26. 26. Other reverse transcriptase inhibitors• New nucleoside reverse transcriptaseinhibitors now in use include Lamivudine andStavudine. Non-nucleoside reversetranscriptase inhibitors now in use includenevirapine and delavirdine. All are givenorally.
  27. 27. Protease inhibitors• Host mRNAs code directly for functional proteins, but in HIV, theRNA is translated into biochemically inert polyproteins. A virus-specific protease then converts the polyprotein into variousstructural and functional proteins by cleavage at the appropriatepositions. Since this protease does not occur in the host, it is a goodtarget for chemotherapeutic intervention.• Several protease inhibitors have now been developed, and theiruse, in combination with reverse transcriptase inhibitors, hastransformed the therapy of AIDS. Examples of current proteaseinhibitors are: amprenavir, atazanavir, indinavir, fosemprenavir,nelfinavir, ritonavir and saquinavir.• They are all given orally and all can cause gastrointestinal disorders:nausea, vomiting and diarrhoea. Raised concentrations of liverenzymes in the blood are reported with ritonavir and indinavir.Ritonavir can cause paraesthesia around the mouth, and in thehands and feet, and patients on indinavir may develop kidneystones.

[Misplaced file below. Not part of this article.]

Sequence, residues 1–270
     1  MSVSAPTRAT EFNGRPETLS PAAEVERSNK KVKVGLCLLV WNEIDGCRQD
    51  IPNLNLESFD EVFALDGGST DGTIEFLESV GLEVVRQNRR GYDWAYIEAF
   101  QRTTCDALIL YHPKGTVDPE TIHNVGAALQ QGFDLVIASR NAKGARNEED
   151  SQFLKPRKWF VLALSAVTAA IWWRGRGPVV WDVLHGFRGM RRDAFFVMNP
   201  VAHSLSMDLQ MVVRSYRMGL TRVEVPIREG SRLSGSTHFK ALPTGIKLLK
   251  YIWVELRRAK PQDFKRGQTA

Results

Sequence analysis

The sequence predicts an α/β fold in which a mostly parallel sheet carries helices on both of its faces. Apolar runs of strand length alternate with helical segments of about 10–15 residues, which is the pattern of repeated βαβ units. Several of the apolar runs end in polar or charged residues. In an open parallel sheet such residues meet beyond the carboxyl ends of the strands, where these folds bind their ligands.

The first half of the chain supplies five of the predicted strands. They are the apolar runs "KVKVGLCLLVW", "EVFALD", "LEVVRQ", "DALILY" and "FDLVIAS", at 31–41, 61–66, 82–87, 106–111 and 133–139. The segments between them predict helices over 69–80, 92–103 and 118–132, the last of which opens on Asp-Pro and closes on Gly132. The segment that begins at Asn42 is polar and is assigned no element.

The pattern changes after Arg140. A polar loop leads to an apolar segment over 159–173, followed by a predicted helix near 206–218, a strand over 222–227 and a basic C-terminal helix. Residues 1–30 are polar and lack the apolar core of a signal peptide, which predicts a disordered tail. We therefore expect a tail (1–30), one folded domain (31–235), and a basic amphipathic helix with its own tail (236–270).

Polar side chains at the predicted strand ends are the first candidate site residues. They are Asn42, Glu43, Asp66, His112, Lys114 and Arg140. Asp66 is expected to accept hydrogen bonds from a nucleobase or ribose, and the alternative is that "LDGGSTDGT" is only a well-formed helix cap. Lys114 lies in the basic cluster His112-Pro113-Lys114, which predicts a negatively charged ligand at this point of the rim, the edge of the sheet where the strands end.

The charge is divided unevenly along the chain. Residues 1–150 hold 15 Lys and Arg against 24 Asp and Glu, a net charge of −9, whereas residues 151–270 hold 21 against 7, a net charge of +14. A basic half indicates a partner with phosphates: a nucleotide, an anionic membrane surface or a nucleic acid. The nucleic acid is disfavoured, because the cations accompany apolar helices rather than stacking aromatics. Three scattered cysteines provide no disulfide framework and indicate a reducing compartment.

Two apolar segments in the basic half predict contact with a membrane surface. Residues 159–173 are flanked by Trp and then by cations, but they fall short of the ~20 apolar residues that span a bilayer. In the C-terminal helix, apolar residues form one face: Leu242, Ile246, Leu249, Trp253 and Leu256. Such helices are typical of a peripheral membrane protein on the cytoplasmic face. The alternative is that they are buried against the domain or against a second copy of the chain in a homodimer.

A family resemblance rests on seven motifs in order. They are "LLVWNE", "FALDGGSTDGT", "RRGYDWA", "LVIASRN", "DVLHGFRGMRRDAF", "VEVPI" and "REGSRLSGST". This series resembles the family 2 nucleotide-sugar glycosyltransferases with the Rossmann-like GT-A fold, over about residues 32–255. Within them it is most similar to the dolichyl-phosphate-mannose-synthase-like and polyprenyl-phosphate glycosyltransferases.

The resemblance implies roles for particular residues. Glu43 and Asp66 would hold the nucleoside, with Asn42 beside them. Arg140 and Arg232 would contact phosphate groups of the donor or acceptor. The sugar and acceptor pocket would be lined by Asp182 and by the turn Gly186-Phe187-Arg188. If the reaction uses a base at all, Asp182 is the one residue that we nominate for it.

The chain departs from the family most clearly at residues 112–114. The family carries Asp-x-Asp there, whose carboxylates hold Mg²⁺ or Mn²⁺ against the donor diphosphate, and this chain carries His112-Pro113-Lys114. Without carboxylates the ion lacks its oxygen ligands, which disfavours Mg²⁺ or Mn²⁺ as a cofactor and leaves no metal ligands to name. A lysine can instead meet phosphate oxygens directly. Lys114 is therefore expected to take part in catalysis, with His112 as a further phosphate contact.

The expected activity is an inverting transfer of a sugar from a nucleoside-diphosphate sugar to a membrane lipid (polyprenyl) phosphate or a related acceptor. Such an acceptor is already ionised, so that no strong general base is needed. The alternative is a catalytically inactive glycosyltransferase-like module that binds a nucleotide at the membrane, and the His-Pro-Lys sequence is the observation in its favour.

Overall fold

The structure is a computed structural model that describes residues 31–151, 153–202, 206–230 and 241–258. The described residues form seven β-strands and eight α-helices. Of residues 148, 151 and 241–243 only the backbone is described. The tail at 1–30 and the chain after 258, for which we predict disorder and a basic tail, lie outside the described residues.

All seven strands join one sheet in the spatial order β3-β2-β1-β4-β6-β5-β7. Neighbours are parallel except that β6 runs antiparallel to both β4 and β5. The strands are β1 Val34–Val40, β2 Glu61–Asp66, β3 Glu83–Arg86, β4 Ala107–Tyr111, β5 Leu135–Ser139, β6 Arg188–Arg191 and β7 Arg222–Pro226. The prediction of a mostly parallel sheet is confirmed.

28. 28. Protease inhibitors(continued)• All inhibit the cytochrome P450 enzymes (indinavir and saquinavirto a lesser extent than ritonavir) and can interact with other drugshandled by this system, and all can increase the plasmaconcentration of benzodiazepines. Preliminary evidence suggeststhat long-term use may lead to an unusual redistribution ofcutaneous fat.• Class-Specific Toxicities:NRTI Mitochondrial DNA toxicityNtRTI Proximal renal tubular dysfunctionNNRTI Hypersensitivity, RashPI Metabolic disorders